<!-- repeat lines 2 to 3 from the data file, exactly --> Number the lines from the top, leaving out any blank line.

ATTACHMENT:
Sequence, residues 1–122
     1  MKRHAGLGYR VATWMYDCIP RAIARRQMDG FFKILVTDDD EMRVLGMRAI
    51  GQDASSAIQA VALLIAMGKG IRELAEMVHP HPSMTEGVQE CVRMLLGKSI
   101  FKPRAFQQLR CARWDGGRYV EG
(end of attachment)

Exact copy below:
     1  MKRHAGLGYR VATWMYDCIP RAIARRQMDG FFKILVTDDD EMRVLGMRAI
    51  GQDASSAIQA VALLIAMGKG IRELAEMVHP HPSMTEGVQE CVRMLLGKSI